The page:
One area that I still see when new members work on pulling hoselines is that they are in such a rush that they fail to get the complete load on their shoulder. What usually happens is that the lineman grabs the hose, pulls it out approximately a foot or so and then, with both hands, drapes it over his shoulder while stepping down from the engine (see photo 3). This leaves the lineman looking as if he has ahold of a bag over his shoulder and as he advances to the fire building, the folds begin to slip out of his grasp, hose catches on obstructions, and the entire load is dropped at the front door.

To make sure you can have your hose properly deployed, you need to have it (if it is a shoulder load) draped across your shoulder at its middle point. The nozzle should be somewhere in the area of your waist or your knees. This helps keep the hose on your shoulder without its own weight pulling it off. It also allows you to keep the opposite side hand somewhat free, since you won't need both hands to hold the hose on your shoulder.

Problem No.3: "Not Clearing the Bed"
Depending upon how your hose loads are arranged and apparatus staffing, you may have a length or more left in the bed as the majority of the hose is stretched (see photo 4). Two problems occur when it is not communicated beforehand who will be responsible for making sure that all of the selected hose is out of its bed. One problem is that everyone thinks someone else will do it. The other problem is that a rush to clear the bed results with a pile of spaghetti at the pump panel or back step, by some firefighter simply yanking the remaining hose off (see photo 5).

The solution to the first problem is to determine who is responsible for clearing the bed. Some departments will state that it is the driver's responsibility, some say the firefighter assigned to the nozzle. Some say it is the responsibility of the last firefighter on the hoseline. And some hoselines are arranged so that the bed is completely cleared when the line is pulled. As part of your guide to your engine company, you need to work with your other firefighters and officer to have a solution.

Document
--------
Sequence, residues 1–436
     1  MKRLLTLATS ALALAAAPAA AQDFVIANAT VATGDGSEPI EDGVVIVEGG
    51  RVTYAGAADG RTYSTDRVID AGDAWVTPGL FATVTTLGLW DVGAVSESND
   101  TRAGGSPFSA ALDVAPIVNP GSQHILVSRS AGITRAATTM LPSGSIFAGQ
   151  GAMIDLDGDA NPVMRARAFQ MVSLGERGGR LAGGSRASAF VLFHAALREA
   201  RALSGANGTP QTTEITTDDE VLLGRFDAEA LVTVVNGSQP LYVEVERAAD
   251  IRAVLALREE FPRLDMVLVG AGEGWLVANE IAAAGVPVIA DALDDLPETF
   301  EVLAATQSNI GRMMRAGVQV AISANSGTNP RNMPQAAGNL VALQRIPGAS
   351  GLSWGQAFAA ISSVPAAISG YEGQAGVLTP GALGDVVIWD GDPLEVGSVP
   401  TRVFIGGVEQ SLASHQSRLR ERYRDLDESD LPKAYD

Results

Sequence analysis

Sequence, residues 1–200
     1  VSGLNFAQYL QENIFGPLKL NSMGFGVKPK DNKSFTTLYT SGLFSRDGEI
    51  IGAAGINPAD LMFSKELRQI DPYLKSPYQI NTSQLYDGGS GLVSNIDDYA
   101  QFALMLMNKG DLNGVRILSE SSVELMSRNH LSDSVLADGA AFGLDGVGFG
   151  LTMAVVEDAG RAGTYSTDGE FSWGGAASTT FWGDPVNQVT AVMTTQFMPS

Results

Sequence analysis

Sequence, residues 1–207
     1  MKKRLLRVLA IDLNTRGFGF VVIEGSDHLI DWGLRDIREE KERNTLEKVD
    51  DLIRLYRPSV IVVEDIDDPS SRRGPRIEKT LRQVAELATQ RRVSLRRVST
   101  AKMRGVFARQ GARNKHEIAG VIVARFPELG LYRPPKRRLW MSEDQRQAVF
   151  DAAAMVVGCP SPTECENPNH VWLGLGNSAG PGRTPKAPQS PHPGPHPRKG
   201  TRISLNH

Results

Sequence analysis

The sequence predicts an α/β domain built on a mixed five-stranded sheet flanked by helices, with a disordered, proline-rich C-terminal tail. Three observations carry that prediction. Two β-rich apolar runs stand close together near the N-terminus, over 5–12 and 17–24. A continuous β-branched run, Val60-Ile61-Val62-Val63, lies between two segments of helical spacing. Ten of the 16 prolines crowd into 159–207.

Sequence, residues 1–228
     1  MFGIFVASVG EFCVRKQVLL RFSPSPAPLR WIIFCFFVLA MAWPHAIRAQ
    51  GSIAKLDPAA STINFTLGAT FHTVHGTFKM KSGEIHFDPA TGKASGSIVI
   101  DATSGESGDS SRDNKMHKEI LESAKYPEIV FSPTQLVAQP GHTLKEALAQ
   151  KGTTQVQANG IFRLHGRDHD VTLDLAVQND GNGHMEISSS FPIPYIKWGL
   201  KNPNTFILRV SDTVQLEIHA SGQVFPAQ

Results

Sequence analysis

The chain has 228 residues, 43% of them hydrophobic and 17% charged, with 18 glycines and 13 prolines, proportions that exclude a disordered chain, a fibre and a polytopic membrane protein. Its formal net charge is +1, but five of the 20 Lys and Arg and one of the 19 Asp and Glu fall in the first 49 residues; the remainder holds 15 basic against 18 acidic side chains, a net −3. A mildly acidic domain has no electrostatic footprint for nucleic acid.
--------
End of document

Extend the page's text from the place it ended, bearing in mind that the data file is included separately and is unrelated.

A good rule of thumb would be to have the last firefighter to assist with stretching the hoseline go back to the engine and check the bed. It would only take a second or two. The solution to the second problem is found in having an understood and teachable manner in how your company will stretch each line depending upon staffing. I have always said, and it is proven, that a hoseline that requires four or more firefighters to properly stretch can also be properly stretched by three or even two. The only difference is in the speed of the stretch.

Rushing around, grabbing folds of hoseline, tossing them here and there, accomplishes nothing, tires out the firefighter needlessly and does not eliminate common hoseline problems.

Problem No.4: "The Missing or Left Behind Backup Firefighter"
Two additional problems with hose stretches are caused by the missing or left behind backup firefighter. This firefighter is quickly right behind you when attacking the fire, but while you are stretching the line, he is nowhere to be found. Whether you have a specific backup position or not, this position is equally responsible for how the hoseline is deployed.

Depending upon the line length, the backup firefighter may have to simply make sure the bed is cleared, or he may have to properly shoulder his own sections of hose. The most common problem I have experienced is that the backup firefighter is left behind because the lineman has grabbed his section of hoseline and has made a "run for the hills". This leaves the backup firefighter trying to grab ahold of hose as it is being yanked and jerked out of the bed. Rather than take his sections properly, or stopping the lineman, the backup firefighter resorts to grabbing ahold of whatever amount of hose he can and trying to catch up with the lineman.

The second problem is when the backup firefighter simply abandons his company and heads into the fire building. Solutions to that problem are addressed by training and discipline. The backup firefighter, just like the lineman, needs to make sure he has ahold of his sections of hose properly (see photo 6). Depending on how the hoselines are packed, his sections will usually be the first to properly fall out during the stretch. As he and the line move towards the fire building and the fire room, he needs to be mindful of obstructions, pinch points, and chase kinks as well. Like any quality engineman, he should have a few chocks, either in his helmet band or pockets, and should be ensuring that the doors his company passes through are properly chocked open,

Problems with the stretch begin in the mind of every firefighter assigned to the engine company and if not corrected before the alarm, will continue out in the street. Regardless of whether your department is a large municipal department or a rural volunteer company, if you are assigned to the engine company you are responsible for a quick and efficient hoseline stretch, no matter your position on the hose. Take the time to practice stretching hoselines, experimenting with new loads to see what will work best for you overall situation. In the next article, the actions of the lineman, or nozzleman, will be presented, with a focus on sizeup of the fire room, operating the nozzle and making important decisions. Until then I leave you with what I consider the best quote about engine work.

"Good engine companies are aggressive but also disciplined. Disciplined engine companies 'take the time to make the time.' They take an extra 30 seconds to properly position the rig and estimate the handline stretch. They chock doors. They chase kinks. They see the big picture. Disciplined engine companies are deliberate, patient and professional. Is your engine company disciplined?" Andrew Fredericks, Firefighter. Squad Company 18, FDNY

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  • FDNY Engine Company Operations, Chapter 5. The Control Position